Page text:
“The 1-0 defeat by Manchester United and Eric Cantona was probably more memorable for the wrong reasons. Even if Newcastle had drawn that night, Manchester United wouldn’t have left St James’ Park in the same frame of mind. They smelled blood, sensed fear, and went for it.”
“The biggest heartbreaker was the 4-3 at Anfield, that’s the closest to tears I’ve ever come in a press box. It was just gut-wrenching. Even thinking about it now, it’s got me prickly. To see Keegan slumped over the advertising hoardings. It was a bodyblow.” Old Trafford delight
“I’m just glad I was able to finish having finally laid the hoodoo of Old Trafford to rest, having seen Newcastle United win at Old Trafford. Yohan Cabaye’s goal was a special moment.” Long journeys, technical issues and work-arounds
“You and your summariser become a double act, both with Mick Martin beforehand and now John Anderson (above) you have a symbiotic relationship. You don’t have to let them know when you want them to speak, they don’t need to know when to speak. You travel miles with them, stay in hotels and hotel bars with them, get drunk, laugh and cry with them. They become part of your life.”
“The facilities have changed, the stadiums are amazing now. We used to to turn up at the stadium with four wires, hoping in the press box you could find another four wires that matched up with yours so you could speak to someone 250 miles down the road.”
“You also wonder how you did a commentary in terms of material and background without internet access, when at one time all you had was the Rothmans yearbook and all it told you was the height, weight and age of a player. Now you know how many operations he’s had, what he had for breakfast and what his children are called.”
“Famously, I remember a game in Sofia with Newcastle, and England v Tunisia in Tunis that I did on the phone. I also commentated on Millwall v Cambridge with a phone to my ear for output and a microphone to commentate from.” Fail to prepare, prepare to fail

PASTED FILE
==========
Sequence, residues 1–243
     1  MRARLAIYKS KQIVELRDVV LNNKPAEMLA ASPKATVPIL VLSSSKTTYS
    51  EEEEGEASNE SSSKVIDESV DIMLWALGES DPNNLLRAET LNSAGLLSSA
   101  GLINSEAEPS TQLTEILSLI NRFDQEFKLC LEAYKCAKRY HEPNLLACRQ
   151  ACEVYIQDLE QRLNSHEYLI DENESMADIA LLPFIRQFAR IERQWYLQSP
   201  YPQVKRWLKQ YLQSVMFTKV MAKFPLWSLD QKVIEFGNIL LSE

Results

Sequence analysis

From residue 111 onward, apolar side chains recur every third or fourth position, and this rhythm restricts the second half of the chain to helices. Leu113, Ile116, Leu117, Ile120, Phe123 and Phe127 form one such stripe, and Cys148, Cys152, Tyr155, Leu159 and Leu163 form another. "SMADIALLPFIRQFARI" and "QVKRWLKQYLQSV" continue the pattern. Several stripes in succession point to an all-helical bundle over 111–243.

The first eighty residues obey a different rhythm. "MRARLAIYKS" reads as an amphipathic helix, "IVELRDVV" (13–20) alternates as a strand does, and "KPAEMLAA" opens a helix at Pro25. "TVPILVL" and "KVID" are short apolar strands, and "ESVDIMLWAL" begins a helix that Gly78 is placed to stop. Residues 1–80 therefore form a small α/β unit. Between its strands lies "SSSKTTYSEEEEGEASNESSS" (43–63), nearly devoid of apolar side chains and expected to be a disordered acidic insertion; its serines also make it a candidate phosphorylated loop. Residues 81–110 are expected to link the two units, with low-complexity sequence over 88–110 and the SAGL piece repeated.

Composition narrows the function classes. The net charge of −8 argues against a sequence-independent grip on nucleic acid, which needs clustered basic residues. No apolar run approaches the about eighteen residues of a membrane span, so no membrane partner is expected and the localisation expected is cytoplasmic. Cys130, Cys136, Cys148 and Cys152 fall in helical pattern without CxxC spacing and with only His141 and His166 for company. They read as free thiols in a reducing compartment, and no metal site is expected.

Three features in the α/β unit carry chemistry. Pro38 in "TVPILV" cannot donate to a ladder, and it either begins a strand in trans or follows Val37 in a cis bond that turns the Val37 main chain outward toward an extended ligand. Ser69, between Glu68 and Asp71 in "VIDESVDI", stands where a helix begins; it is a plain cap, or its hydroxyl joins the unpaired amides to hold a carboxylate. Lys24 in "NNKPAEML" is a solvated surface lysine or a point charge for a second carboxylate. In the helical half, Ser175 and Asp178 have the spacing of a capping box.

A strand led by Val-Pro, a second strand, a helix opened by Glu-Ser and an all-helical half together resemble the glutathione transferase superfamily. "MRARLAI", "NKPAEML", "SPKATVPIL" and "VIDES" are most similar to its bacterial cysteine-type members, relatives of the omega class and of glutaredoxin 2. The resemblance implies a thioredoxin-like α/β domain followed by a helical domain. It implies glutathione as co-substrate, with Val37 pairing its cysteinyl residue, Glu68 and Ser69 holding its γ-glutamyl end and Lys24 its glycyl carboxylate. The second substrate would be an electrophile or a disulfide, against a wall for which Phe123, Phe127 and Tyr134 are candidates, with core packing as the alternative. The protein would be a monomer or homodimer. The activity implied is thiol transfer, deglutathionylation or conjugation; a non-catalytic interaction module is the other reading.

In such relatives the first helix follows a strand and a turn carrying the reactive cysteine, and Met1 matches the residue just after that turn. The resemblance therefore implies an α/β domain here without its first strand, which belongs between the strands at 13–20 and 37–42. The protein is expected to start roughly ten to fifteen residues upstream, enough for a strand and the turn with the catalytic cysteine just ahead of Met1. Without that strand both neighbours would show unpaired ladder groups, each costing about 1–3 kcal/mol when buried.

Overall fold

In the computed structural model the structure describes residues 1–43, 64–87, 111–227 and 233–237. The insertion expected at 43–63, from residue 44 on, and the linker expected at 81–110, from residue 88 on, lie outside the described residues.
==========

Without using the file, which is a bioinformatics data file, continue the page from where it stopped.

“You grow to enjoy and like it, I’m convinced the best commentators are essentially at heart very nerdy. My mother always told me I learned to read and write on the basis of football reports, I never read books. You look at words and you formulate words on the basis of football reports.”
“Bastian Schweinsteiger was the next big thing for Bayern we were told, he’s gone onto have a great career.” Rafael Benitez and full circle
There are huge similarities between the club that Lowes began commentating on with Keegan turning up on Tyneside, and the revitalised model of 2016-17 under Rafael Benitez. Can Benitez follow in Keegan’s footsteps and once again restore Newcastle to England’s elite? He has already made strides towards that goal, and can make it 10 straight wins – a club record – with victory against Rovers in Lowes’ final game.
“I honestly believe we are where we were when I started with Keegan. In terms of where we were in 1992, it was dishevelled, with a board crisis, set to be relegated until Kevin arrived. The same could be said of Rafa – disconnect with fans, resentment towards the club and attitude on the field.”
“Like Keegan. Rafael Benitez didn’t turn it round initially, but he too in his first full season has the opportunity to get them out of the division.”
“Keegan won 11 straight league games and took Newcastle up in a blaze of glory in 1992-93. Benitez can make it 10 wins in a row [in all competitions] for the first time in the club’s history on Saturday against Blackburn. They were both ex-Liverpool. They’re both cult heroes. Keegan reunited Newcastle, Benitez is reuniting not just the football club but the city, the fans and the people – it’s identikit. It’s spooky.”